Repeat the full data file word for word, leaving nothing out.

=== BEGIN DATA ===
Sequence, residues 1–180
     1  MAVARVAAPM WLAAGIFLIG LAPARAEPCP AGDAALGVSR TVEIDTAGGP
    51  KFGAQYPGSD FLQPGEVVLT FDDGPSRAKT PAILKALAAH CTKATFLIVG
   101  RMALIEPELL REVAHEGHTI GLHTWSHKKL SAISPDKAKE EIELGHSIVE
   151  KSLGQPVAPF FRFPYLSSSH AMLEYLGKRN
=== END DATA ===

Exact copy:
Sequence, residues 1–180
     1  MAVARVAAPM WLAAGIFLIG LAPARAEPCP AGDAALGVSR TVEIDTAGGP
    51  KFGAQYPGSD FLQPGEVVLT FDDGPSRAKT PAILKALAAH CTKATFLIVG
   101  RMALIEPELL REVAHEGHTI GLHTWSHKKL SAISPDKAKE EIELGHSIVE
   151  KSLGQPVAPF FRFPYLSSSH AMLEYLGKRN